Browse By

General Info

alligatorweed biological control


10 Images
4723001
Gary Buckingham
USDA Agricultural Research Service

mats grow from shore and often cover entire waterways thereby disrupting water flow and causing flooding.

4723002
USDA Agricultural Research Service Archive
USDA Agricultural Research Service

has opposite, non-succulent leaves

4723003
Gary Buckingham
USDA Agricultural Research Service

the white flowers are arranged in stalked, short, headlike spikes, and have a style

4723004
Gary Buckingham
USDA Agricultural Research Service

adults and larvae devour leaves and upper portions of stems

4723005
USDA Agricultural Research Service Archive
USDA Agricultural Research Service

are bright orange, 1970's

4723006
Gary Buckingham
USDA Agricultural Research Service

leaf distortion and stunting of the plants is characteristic of feeding by adults and larvae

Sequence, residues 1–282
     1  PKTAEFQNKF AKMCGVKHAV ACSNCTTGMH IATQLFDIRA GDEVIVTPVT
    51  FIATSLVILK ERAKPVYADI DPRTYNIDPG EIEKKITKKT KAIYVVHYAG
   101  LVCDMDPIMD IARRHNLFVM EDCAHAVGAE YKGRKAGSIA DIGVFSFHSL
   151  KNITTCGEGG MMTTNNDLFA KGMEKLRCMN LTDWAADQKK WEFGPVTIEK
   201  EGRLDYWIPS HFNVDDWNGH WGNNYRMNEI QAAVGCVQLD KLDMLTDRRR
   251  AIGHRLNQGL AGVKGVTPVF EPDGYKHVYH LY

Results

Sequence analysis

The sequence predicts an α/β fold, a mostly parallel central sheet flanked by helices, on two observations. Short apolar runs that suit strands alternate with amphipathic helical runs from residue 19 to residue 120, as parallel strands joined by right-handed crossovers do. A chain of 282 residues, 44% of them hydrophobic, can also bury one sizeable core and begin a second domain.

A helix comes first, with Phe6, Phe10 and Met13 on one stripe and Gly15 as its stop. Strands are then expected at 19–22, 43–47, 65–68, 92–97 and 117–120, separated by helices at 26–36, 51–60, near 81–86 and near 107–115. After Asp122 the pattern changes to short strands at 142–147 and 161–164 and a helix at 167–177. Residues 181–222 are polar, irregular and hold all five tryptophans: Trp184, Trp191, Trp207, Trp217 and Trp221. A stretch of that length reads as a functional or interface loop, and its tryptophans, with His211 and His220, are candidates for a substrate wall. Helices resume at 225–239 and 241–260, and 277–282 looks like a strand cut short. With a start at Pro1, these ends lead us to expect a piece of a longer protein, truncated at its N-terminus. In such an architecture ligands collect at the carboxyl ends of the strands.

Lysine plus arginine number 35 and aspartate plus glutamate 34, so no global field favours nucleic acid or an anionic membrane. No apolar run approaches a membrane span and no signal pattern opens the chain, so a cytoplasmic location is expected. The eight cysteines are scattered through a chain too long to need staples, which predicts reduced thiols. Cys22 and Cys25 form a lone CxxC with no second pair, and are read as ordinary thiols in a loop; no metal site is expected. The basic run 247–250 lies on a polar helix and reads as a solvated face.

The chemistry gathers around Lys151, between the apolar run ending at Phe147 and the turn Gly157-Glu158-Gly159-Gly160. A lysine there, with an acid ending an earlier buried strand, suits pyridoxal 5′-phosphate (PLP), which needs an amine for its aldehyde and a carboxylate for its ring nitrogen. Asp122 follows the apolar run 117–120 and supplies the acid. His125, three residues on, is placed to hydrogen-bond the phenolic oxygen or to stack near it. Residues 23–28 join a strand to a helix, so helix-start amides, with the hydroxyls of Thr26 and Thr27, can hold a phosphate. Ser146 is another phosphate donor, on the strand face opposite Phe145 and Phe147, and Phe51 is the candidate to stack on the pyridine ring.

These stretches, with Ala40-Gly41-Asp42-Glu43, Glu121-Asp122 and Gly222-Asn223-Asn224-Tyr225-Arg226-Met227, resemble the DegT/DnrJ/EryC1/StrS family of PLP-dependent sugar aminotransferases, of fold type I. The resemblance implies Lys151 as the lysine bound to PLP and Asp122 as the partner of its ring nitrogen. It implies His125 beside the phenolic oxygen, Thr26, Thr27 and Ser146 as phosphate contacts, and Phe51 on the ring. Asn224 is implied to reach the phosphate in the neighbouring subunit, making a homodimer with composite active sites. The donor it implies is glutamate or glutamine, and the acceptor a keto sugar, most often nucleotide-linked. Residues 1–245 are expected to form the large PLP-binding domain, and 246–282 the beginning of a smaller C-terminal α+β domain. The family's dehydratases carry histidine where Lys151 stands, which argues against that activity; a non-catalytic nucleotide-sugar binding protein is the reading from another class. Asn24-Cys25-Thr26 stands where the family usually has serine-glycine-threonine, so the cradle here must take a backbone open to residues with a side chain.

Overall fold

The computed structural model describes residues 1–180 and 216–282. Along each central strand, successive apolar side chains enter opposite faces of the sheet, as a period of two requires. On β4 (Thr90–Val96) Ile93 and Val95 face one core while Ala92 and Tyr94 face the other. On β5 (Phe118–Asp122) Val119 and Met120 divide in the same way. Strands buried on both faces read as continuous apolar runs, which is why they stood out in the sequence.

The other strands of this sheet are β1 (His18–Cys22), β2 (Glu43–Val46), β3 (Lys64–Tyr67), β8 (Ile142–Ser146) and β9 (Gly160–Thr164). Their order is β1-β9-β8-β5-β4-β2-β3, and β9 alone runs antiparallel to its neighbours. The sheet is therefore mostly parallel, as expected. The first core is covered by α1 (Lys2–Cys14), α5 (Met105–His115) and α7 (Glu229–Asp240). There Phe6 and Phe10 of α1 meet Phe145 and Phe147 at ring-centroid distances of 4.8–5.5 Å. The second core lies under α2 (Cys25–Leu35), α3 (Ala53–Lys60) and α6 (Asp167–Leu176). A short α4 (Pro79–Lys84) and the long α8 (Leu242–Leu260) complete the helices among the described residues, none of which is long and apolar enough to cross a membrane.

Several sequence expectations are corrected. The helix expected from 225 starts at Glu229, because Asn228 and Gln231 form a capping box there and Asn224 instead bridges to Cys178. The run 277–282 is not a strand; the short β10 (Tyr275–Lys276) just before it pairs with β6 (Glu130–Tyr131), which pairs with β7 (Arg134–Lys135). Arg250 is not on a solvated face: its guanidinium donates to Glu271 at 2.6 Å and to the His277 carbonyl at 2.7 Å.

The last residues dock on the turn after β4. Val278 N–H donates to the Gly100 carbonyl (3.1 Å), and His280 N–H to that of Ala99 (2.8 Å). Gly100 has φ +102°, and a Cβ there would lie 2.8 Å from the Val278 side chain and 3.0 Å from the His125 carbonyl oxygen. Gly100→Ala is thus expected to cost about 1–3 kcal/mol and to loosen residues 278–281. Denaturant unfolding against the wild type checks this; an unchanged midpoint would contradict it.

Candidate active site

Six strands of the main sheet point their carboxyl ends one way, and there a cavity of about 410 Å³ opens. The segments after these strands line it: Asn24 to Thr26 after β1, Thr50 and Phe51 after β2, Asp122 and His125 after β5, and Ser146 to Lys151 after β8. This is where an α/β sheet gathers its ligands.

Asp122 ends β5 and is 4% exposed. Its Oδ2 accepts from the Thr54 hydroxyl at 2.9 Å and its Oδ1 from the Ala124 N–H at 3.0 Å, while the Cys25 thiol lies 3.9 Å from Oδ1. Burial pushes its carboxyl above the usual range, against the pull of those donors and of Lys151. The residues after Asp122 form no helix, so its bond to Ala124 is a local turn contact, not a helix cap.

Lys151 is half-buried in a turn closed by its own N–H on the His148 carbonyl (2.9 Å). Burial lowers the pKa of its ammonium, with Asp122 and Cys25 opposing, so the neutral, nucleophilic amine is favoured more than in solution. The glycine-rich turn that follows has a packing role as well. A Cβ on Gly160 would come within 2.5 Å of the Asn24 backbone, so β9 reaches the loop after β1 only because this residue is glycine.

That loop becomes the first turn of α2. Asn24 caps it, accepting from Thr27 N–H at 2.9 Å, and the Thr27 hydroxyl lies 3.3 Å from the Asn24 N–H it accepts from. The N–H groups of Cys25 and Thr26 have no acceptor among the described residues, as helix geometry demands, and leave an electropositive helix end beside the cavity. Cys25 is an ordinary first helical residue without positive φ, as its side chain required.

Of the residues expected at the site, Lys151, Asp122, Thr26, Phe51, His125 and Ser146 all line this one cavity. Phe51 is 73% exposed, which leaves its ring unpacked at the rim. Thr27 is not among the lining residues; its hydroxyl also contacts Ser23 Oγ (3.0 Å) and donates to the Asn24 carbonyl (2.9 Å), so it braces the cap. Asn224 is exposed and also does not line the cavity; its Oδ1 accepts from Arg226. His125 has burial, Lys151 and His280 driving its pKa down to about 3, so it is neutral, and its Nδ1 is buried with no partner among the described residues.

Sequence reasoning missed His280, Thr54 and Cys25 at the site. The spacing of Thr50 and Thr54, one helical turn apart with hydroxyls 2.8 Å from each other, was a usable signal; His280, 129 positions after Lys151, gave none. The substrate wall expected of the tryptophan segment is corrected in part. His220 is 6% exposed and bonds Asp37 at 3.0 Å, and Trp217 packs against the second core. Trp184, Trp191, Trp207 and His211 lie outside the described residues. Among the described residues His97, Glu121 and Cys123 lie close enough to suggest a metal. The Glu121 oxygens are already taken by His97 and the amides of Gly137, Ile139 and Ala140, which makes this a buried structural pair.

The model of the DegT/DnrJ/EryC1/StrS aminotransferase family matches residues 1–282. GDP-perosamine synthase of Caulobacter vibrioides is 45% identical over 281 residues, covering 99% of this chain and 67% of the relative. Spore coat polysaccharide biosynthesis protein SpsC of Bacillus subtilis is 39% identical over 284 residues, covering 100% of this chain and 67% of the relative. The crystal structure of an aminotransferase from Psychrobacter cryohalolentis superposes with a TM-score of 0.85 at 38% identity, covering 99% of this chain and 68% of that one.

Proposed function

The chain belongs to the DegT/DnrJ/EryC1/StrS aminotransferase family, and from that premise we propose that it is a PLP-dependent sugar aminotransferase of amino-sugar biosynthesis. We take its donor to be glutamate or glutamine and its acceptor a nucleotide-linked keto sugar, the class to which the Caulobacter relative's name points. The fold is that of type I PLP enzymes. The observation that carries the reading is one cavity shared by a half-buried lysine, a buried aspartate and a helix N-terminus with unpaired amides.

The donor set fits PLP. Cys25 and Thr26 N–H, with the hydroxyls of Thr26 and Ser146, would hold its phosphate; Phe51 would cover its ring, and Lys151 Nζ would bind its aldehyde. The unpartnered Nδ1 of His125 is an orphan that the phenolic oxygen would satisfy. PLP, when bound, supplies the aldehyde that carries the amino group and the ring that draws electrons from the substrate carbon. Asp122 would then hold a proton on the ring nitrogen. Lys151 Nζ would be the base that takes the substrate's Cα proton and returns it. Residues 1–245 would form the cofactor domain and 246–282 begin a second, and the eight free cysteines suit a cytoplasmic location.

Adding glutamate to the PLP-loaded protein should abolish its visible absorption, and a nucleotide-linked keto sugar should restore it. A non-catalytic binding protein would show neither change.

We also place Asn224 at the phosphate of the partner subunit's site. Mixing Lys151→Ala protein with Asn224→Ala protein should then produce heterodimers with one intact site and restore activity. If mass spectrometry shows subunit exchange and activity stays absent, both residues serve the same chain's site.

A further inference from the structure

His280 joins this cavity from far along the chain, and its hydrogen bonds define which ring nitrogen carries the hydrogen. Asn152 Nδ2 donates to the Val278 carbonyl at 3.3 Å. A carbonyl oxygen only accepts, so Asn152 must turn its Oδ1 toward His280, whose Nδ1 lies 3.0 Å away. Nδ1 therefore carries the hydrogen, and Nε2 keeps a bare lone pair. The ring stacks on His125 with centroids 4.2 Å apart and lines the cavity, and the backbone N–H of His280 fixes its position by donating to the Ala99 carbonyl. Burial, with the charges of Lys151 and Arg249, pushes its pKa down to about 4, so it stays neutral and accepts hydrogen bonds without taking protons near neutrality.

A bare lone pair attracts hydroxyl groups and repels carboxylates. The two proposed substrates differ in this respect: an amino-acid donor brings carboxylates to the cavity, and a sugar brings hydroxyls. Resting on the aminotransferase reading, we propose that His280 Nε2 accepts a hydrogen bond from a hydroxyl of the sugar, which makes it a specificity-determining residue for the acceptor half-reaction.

4723007
Willey Durden
USDA Agricultural Research Service

inconspicuous light tan moths that rest with wings held closely to the body

4723008
USDA Agricultural Research Service Archive
USDA Agricultural Research Service

stems damaged internally by larvae, wilt, turn yellow, and die, 1970's

4723009
USDA Agricultural Research Service Archive
USDA Agricultural Research Service

mats are often completely defoliated by the beetle. Wiley Durden collected beetles by "walking on water" during the initial establishment phase of the program

4723010
USDA Agricultural Research Service Archive
USDA Agricultural Research Service

mats turn yellow but still retain leaves in contrast to the yellow stems defoliated by the alligatorweed flea beetle